At startup in 2000, the Buckman RTO cells used conventional monolithic ceramic blocks with straight-through, quarter-inch square channels. “We would have to change those blocks out about every year and a half because they would clog up with silica,” Wiles says. Looking for an alternative, the JEA team in 2005 turned to Koch Knight, a company specializing in corrosion-proof materials and environmental heat transfer equipment.

Improving airflow

After consulting with Koch Knight RTO experts, JEA operators installed Type 28 FLEXERAMIC ceramic structured media, composed of vertically aligned corrugated ceramic sheets, in one of the three cells. The structured packing reroutes the hot gases to help negate imbalances from gases moving at different velocities and limit buildup of particulate matter.

After six months of running the unit with both types of blocks, the operators saw that the cell with structured media resisted clogging, improved airflow and enabled effective cleaning in less time than the previous material.

“Several variables affect airflow in RTOs,” says Charles Crosby, manager of byproduct services at JEA. “But we were convinced that the FLEXERAMIC media blocks were superior to the old style. We went from cleaning the RTO cells about every three weeks to about every four months.” Although the structured media had less surface area than the previous material, the greater airflow, improved distribution, and reduced clogging led to more effective use of the surface area and a lower pressure drop.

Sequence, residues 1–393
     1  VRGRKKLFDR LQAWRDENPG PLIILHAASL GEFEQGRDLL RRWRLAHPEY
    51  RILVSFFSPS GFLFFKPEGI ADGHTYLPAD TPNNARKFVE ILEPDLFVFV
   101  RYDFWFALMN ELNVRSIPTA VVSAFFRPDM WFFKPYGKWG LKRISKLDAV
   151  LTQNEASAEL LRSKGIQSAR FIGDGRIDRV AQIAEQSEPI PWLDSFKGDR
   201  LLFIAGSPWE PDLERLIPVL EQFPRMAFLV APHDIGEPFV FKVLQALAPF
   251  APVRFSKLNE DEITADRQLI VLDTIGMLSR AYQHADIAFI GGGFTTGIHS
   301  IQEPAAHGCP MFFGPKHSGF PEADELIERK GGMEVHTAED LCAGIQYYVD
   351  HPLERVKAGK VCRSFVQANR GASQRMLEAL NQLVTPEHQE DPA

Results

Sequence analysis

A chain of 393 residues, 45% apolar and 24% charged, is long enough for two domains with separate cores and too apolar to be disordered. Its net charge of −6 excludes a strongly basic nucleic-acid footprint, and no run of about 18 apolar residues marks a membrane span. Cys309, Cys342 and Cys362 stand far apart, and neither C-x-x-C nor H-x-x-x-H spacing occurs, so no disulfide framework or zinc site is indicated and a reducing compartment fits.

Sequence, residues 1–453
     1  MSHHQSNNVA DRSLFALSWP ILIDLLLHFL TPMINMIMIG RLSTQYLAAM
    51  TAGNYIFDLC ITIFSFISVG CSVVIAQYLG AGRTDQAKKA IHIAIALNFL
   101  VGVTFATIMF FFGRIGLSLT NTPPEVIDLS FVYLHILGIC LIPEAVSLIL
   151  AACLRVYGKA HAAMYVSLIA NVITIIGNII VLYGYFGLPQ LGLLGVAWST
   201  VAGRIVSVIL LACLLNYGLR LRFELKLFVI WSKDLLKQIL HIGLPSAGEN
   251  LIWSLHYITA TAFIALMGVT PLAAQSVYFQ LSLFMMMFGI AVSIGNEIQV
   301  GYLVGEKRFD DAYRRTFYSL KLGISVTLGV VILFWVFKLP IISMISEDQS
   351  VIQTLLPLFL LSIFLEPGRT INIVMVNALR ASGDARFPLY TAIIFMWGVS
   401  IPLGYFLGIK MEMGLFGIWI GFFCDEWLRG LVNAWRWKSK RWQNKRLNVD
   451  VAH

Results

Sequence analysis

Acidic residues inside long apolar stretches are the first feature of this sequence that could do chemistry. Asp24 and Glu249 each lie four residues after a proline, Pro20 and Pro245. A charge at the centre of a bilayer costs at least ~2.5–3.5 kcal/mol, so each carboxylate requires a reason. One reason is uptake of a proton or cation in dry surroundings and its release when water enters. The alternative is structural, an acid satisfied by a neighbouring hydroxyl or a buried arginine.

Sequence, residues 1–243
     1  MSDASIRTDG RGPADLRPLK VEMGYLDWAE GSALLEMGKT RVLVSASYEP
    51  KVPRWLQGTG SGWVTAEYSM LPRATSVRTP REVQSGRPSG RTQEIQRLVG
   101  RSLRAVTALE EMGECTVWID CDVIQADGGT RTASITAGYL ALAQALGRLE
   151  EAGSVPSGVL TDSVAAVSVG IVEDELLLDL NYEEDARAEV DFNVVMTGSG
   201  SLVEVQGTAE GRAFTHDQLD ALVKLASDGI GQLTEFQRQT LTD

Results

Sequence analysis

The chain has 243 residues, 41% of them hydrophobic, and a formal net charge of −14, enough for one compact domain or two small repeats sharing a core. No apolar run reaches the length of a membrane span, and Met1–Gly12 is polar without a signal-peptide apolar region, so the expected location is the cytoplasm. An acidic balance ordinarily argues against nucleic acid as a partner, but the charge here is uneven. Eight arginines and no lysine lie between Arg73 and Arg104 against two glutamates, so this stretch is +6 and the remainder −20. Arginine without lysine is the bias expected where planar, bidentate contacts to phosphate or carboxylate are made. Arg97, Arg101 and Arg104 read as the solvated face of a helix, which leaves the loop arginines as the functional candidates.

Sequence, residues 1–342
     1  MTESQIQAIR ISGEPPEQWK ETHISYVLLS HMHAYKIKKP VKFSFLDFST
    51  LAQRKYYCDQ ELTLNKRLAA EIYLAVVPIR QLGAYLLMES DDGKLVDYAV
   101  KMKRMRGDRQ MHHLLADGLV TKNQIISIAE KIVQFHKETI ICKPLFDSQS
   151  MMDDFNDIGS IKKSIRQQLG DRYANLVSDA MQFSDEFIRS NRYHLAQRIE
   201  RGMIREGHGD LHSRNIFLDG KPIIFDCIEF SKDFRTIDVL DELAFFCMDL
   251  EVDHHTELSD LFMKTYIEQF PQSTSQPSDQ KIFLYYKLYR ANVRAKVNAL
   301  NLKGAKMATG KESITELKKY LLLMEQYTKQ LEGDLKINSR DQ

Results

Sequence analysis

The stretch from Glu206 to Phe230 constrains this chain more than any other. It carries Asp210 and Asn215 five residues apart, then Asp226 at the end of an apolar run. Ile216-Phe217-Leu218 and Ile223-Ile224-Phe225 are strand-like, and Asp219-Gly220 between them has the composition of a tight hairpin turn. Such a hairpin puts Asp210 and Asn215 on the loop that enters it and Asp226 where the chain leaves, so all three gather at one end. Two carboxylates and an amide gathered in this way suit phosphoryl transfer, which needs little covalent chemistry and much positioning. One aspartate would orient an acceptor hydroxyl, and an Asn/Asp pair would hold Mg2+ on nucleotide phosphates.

JEA operators looked to further optimize efficiency by turning alternating layers of blocks 90 degrees, forcing the gases to change direction and spread more evenly. The media then acts as a large static mixer, spreading the gases across the bed. The JEA team used 1-inch-wide FLEXISADDLE packing to fill the voids between the cubic media blocks and the round walls of the RTO cells.

Optimizing efficiency

After several years of improved uptime and efficiency, the JEA team learned about Type 88 FLEXERAMIC ceramic structured media, offering still larger corrugated passages. In 2015, they outfitted all three RTO cells with a total of 2,400 cubic feet of that media and used both 1-inch and 3-inch FLEXISADDLE ceramic random media. This time, they stacked the rows of blocks without alternating the layers’ orientation.

“We’ve had the Type 88 FLEXERAMIC structured media in there for the last three years without any changeout,” Wiles says. “About every six months, we do a shutdown, water-wash with fire hoses back through the blocks, and just start from fresh. We have another set of blocks on hand because we know the silica will eventually overtake it, but so far, it has been a great change.”

Natural gas consumption in the RTOs has not increased, and JEA officials estimate savings averaging $100,000 per year from lower maintenance and less frequent media replacements.  

Doug Popek, Koch Knight sales manager, observes, “Between our media design and the way the operators have installed the product, JEA has figured out how to get the maximum efficiency out of the RTO.”